Realism denotes two distinct sets of philosophical theories, one regarding the nature of universal concepts and the other dealing with knowledge of objects in the world.
In late – classical and medieval philosophy, realism was a development of the Platonic theory of Forms and held, generally, that universals such as “red” or “man” have an independent, objective existence, either in a realm of their own or in the mind of God
In modern philosophy realism is a broad term, encompassing several movements whose unity lies in a common rejection of philosophical Idealism. In its most general form realism asserts that objects in the external world exist independently of what is thought about them.
The most straightforward of such theories is usually known as naive realism. It contends that in perception humans are made directly aware of objects and their attributes and thus have immediate access to the external world. This view fails, however, to explain perceptual mistakes and illusions, and most realists argue that causal processes in the mind mediate, or interpret, directly perceived appearances. Thus the objects remain in essence independent, although the causal mechanism may distort, or even wholly falsify, the individual’s knowledge of them.
Regarding the nature of universal concepts
Extreme realism – William of Champeaux
Universals exist independently of both human mind and particular things. They possess real existence and precede the existence of singular concrete objects. It is a development of Platonic theory of Forms or ideas.
Modern realism – Thomas Aquinas, John of Salisbury
Universals exist only in the mind of God as patterns by which He created particular things. Universals cannot exist apart from individual objects. Universals are abstracted from particular things.
Dealing with the knowledge of the objects of the world ( Epistemologically)
Realism represents the theory that particular things exist independent of our perception. It is in contrast to idealism, which holds that reality exists only in the mind. This is the modern trend of British and American philosophers like Bertrand Russel, G.E.Moore etc.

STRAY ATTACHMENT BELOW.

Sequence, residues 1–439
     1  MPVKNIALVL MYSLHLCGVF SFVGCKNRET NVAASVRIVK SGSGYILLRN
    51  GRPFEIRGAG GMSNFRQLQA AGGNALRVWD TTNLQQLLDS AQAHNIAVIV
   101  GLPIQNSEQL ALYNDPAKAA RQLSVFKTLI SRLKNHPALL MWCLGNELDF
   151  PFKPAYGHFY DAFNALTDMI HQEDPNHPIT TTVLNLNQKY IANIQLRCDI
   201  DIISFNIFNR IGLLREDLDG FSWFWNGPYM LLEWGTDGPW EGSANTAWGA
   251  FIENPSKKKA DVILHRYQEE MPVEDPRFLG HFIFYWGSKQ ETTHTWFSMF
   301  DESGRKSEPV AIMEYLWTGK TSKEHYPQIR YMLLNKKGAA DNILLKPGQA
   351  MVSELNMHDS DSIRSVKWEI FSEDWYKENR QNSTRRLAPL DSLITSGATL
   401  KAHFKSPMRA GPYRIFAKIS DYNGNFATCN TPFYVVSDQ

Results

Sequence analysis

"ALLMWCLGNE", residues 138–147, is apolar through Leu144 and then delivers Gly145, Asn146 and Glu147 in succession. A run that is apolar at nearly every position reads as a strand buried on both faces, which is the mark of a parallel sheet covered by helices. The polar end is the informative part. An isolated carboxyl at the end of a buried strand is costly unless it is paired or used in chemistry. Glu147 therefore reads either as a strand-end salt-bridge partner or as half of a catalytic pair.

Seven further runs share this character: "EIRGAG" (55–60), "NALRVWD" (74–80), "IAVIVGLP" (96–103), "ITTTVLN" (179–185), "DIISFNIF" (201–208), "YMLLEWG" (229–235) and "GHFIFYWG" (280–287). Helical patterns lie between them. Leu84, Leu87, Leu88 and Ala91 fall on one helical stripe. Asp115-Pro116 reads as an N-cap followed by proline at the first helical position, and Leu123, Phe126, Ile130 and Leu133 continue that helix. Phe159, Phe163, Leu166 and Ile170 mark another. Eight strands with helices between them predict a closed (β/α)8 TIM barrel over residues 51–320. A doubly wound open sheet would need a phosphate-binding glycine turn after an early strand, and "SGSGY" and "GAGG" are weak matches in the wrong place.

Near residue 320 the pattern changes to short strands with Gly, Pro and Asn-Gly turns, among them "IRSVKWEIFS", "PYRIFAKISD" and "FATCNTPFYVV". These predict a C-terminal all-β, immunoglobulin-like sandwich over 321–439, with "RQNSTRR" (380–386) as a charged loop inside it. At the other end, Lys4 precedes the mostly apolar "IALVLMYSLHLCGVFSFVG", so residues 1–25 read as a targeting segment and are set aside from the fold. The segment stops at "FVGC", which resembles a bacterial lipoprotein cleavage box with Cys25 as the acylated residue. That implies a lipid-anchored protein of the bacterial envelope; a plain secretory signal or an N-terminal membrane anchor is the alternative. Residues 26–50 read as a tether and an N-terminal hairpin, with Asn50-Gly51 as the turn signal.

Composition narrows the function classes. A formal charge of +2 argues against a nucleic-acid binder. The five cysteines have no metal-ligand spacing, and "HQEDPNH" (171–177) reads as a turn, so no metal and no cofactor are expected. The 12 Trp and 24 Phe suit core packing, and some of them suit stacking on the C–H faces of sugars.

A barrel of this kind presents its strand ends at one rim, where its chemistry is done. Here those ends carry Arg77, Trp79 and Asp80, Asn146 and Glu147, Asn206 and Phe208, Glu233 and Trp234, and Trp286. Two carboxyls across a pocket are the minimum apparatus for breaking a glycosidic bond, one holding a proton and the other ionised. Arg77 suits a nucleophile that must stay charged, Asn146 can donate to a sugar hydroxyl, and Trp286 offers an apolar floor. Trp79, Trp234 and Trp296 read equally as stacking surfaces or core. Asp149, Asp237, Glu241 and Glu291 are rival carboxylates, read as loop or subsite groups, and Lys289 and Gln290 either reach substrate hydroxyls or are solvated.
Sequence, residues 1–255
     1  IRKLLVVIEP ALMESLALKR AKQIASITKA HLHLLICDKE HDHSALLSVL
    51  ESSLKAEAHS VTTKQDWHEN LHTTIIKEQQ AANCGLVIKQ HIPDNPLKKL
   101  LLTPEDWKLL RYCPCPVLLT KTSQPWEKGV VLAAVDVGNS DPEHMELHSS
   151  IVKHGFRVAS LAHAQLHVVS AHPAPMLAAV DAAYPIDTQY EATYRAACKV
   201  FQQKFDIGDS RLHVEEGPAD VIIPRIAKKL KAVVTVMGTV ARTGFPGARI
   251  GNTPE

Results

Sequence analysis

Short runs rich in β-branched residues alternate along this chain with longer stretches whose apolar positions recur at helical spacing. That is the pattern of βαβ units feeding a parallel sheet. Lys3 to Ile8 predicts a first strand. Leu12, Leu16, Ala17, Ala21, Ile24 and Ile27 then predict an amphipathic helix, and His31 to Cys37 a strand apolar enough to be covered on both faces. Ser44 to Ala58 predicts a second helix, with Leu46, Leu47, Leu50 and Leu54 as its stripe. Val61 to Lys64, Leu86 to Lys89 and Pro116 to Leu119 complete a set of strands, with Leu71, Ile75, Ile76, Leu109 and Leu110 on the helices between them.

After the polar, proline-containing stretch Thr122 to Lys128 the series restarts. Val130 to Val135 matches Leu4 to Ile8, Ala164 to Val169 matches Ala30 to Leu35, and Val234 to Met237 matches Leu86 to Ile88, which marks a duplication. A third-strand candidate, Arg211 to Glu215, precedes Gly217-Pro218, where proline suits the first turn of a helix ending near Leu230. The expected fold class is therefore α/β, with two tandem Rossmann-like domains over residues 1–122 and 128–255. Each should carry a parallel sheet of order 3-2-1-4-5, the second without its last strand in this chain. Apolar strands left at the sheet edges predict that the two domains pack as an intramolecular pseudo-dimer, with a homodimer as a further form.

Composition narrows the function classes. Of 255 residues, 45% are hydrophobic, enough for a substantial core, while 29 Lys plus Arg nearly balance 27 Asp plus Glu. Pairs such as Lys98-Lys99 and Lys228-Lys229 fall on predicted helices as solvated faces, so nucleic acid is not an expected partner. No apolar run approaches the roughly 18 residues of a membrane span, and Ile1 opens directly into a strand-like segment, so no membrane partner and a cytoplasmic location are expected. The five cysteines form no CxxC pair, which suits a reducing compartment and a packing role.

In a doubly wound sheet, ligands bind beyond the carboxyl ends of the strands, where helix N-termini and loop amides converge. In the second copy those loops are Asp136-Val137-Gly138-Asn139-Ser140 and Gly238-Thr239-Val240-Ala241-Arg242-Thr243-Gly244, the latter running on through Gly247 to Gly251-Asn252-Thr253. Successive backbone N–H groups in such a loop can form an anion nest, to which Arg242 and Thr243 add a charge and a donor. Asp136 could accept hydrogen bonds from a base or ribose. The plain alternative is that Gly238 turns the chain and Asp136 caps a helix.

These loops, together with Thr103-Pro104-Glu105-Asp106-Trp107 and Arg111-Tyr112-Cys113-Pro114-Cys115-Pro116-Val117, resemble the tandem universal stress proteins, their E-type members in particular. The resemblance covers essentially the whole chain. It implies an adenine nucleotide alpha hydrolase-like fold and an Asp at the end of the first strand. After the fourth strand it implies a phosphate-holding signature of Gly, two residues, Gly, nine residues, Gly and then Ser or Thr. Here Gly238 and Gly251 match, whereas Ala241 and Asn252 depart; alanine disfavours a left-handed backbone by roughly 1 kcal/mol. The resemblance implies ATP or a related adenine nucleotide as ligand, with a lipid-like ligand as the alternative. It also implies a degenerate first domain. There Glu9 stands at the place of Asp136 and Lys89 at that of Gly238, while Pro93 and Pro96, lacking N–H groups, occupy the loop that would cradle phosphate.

Socialist Realism: It began in the beginning of 20 th century in Russia.
It is a truthful historically concrete reflection of reality taken in the evolutionary development and presented in the light of Communist idea. It was a revolt against Capitalism and Bourgeoism.
- Working class is the true producer of human values
- Commitment to communist ideology
- Service to the people
- Adherence to partisanship
Idealism interprets and explains the whole universe, things, mind and their relations as realization of a system of ideas. Things take different forms , determined by the view of ideas or ideals.
Plato: Every reality is explained in terms of a single idea or concept. Ideas are eternal and real; actually existing things are mere approximations of the ideas. E.g. A line is not actually a line; but only a moving point. A perfect or true line is the concept of a line; what we draw is an imperfect approximation of the perfect ideal entirely Ideas are eternal and are found in Heavens.
Aristotle: A concept is not to be found in Heavens; but formed from our experience of variety of things of similar nature.
German idealism: Knowledge is a joint venture of experience and reasoning, a synthesis of rationalism and Empiricism. Percept without concept is blind; concept without percept is empty.
Materialism regards nothing as real and substantial. , which has no tangibility. It reduces everything inn terms of physical matter, which is for him the on ly reality. Only tangible things are real and hence substantial.
Terms like power, energy, motion, principle, mind etc are intangible, hence not substantial, but are mere attributes or conditions or products of matter.
Substantialism: All things in nature, which exist or can form the basis of a concept, are really substantial entity, whether they are the so-called principles or forces or atoms of corporeal bodies. Substantial existence or real beings are the sources or underlying ground of all phenomena , mental or physical. Gravitation, Magnetism, Light, Sound etc are all substances. Mind is a substance since it acts to think or produce thoughts. Life and mind are one and identical, since they have identical qualities and attributes.
Substantialistic hypothesis of living organism
Within every living being, there exists a vital and mental organism , the invisible counterpart of the physical structure, the source of all vital and physiological phenomena.
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